The Palestine Symphony, today the Israel Philharmonic, was founded in 1936 by the Polish born violinist Bronislaw Huberman (1882-1947).
After a series of concerts in Palestine, Huberman "connected the dots" between the growing persecution of the Jews in Nazi Germany and the need for a world class orchestra to satisfy the thirst for music by the settlers in Palestine. Huberman made it his mission to get government sanctions, to fundraise, and ultimately to staff the new orchestra with Europe's finest musicians.
The inaugural concert was conducted by Arturo Toscanini, an avowed anti fascist, who performed for no fee.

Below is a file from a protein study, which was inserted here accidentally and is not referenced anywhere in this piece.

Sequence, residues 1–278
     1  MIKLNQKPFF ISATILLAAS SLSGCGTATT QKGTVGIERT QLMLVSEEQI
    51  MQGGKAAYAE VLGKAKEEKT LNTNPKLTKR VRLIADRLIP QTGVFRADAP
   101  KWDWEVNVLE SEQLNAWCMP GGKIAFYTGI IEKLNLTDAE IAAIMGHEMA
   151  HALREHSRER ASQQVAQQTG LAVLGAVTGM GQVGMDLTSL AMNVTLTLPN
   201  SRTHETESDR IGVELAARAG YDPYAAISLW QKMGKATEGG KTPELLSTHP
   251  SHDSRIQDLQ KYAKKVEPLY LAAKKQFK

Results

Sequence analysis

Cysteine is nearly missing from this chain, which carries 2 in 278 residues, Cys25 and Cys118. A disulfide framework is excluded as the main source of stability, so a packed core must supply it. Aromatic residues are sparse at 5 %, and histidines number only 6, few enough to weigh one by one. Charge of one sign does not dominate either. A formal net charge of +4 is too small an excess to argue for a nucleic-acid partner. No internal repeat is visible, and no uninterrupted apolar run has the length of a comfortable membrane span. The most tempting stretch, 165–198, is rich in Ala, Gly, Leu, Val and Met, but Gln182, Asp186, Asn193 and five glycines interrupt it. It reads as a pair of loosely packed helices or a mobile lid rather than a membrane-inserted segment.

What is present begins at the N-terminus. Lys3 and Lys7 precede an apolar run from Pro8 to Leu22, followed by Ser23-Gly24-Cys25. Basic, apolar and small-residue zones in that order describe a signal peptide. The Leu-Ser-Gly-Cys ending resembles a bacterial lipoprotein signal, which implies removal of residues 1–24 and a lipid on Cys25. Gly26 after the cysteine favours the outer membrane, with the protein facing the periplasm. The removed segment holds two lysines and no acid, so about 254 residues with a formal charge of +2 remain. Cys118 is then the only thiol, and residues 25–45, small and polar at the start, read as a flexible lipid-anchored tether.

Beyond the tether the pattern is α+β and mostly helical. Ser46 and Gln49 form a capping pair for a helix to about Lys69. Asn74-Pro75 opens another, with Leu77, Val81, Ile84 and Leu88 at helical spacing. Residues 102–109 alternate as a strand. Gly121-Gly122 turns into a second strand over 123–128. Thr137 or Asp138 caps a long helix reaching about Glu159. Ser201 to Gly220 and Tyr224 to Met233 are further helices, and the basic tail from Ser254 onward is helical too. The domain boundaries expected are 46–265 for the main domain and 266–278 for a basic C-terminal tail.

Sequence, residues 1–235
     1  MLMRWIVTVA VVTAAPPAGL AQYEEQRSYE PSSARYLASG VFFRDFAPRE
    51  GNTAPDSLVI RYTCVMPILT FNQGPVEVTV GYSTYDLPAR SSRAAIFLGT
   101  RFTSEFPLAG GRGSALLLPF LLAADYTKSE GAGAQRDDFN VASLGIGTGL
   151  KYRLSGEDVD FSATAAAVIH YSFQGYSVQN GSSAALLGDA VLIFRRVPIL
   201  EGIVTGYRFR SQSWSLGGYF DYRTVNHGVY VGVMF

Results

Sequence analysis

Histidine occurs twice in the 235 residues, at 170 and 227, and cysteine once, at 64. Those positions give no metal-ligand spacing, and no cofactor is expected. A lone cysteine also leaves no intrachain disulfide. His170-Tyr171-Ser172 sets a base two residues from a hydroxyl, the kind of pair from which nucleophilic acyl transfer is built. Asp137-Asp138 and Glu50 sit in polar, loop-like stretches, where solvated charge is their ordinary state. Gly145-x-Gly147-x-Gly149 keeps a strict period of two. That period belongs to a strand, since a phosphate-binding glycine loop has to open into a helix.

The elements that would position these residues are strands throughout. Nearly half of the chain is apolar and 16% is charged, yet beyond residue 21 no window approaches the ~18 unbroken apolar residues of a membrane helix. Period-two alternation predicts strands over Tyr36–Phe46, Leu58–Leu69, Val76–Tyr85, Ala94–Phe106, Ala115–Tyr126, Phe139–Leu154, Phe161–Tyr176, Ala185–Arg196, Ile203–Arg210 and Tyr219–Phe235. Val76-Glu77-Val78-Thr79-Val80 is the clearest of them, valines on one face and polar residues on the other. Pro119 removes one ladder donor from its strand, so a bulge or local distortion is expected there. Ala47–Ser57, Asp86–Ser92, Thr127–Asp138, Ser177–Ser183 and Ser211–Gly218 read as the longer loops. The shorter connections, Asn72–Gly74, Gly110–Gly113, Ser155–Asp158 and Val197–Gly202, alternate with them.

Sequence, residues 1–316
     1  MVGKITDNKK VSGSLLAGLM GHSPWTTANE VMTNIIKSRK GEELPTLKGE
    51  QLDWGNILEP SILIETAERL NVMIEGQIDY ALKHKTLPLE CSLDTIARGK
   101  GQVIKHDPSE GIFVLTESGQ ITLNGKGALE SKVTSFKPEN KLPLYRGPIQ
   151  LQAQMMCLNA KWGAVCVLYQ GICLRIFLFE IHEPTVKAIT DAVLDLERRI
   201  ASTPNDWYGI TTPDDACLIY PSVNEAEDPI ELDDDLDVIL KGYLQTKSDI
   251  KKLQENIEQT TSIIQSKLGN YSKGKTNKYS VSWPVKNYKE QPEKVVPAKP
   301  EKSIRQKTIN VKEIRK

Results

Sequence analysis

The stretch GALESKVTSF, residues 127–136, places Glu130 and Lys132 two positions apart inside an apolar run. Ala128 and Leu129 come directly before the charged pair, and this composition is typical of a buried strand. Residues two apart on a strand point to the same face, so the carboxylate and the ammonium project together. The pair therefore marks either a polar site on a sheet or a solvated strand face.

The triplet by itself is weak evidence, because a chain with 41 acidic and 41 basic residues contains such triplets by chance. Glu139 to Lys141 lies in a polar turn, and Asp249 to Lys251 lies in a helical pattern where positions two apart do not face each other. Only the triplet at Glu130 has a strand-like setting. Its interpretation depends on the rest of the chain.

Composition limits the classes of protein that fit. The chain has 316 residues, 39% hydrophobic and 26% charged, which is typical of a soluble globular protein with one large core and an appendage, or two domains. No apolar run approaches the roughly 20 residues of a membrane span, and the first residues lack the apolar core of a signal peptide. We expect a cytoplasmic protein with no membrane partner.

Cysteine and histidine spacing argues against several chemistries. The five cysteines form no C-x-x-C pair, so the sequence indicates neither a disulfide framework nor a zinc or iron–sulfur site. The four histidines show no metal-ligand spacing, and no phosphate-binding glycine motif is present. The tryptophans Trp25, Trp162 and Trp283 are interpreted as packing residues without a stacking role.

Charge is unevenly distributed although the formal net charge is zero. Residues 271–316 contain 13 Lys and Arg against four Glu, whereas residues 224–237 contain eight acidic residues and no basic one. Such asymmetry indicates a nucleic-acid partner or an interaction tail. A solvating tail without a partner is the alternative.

Orchestra of Exiles is a 2012 film telling The Story of Bronislaw Huberman, The Israel Philharmonic, and the One Thousand Jews He Saved from Nazi Horrors". Now, there's a companion book by the same title, co -authored by film producer Josh Aronson, and Denise George.
Here's an interview with Josh Aronson, describing one man's quest to serve music and to fight the Nazis:
The interview's imbedded music includes: Max Bruch's Kol Nidre recorded by Bronislaw Huberman in 1924, and part of the finale of Beethoven's Ninth Symphony, conducted by Arturo Toscanini, with the NBC Symphony in 1944.